DRG has given me many positive experiences over the years. I've made many friends, I've interviewed some of my favorite players, and discussed lots of subjects with lots of people and learned a lot about guitar from some great players. The one thing I never expected, however, is that a guitar web site would bring me the most amazing woman I ever met, and that she would become my wife! Amy showed up at DRG right around the time I began divorcing my first wife. When we figured out that we were meant to be together, I left my life in Boston behind and moved to NYC to be with her. We were married in 2005 and lived happily ever after in a small NYC apartment until 2009. Those days, my guitar playing consists of bringing a gig bag and some pedals to some jams in the city. Most of my gear (other than a few guitars) was in storage. My recording project was on-hold indefinitely. And while I missed some of those things, they had never made me truly happy when I had them. They had just provided temporary distractions from my unhappiness. So the tradeoff was a no-brainer. With Amy, I was happy, and enjoying my life in NYC tremendously.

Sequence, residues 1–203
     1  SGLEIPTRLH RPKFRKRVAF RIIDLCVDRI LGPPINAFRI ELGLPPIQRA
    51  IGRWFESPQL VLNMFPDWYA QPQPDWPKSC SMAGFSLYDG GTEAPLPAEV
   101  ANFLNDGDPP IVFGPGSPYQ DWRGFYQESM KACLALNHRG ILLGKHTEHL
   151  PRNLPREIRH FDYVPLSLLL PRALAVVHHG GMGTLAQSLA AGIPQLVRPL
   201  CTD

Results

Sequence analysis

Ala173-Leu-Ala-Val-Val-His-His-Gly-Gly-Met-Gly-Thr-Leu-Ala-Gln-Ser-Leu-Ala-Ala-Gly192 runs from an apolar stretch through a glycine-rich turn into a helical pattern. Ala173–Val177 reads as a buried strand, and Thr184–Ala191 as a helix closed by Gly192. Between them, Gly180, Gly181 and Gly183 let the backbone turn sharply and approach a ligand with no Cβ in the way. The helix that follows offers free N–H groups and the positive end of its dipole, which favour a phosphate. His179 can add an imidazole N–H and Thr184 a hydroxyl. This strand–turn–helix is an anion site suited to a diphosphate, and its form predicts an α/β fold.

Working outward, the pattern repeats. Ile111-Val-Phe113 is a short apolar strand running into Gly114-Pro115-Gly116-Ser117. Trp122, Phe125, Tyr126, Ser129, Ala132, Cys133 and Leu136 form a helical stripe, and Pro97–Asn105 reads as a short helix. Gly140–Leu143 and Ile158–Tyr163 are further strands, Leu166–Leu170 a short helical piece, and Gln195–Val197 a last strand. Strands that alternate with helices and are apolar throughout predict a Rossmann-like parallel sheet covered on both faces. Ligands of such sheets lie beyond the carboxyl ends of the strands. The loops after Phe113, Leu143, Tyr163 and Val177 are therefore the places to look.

In 2009 Amy and I moved back to the Boston area. We live in a larger home now. I got my gear out of storage, and we resurrected and vastly improved what is now our home studio. Now we both make music in our home. Originally, than meant Amy did sessions and projects, and I made my own music.
Then the unthinkable happened. In 2012, Amy and I threw caution to the wind. We ignored all the Fleetwood Mac and other band relationship horror stories, and started making music together! It was a bit bumpy at first but we found our groove, and what started as a recording project, has turned into a band: Feints. Being in a band was something I swore I would never do again. But the truth is, this project has forced me get off the bench and get back into the game. I'm playing more guitar than ever, and working with Amy has been the most musically creative period of my life — as a player, songwriter, and as a producer. The songs we are writing and recording have been incredibly rewarding. We started gigging in fall 2013. So it seems I have just about come full circle. I find the whole thing hilarious.
My Guitar Influences
Mostly 70s hard rock and early 80s pre-Yngwie metal. Zeppelin, Purple/ Rainbow, Sabbath, Rush, Thin Lizzy. My favorite players and influences (for one reason or another) are Gary Moore (circa 1978-90), Michael Schenker, John Sykes, Ritchie Blackmore, Jeff Beck, and Wolf Hoffmann. Tony Iommi is a huge influence on my songwriting. Top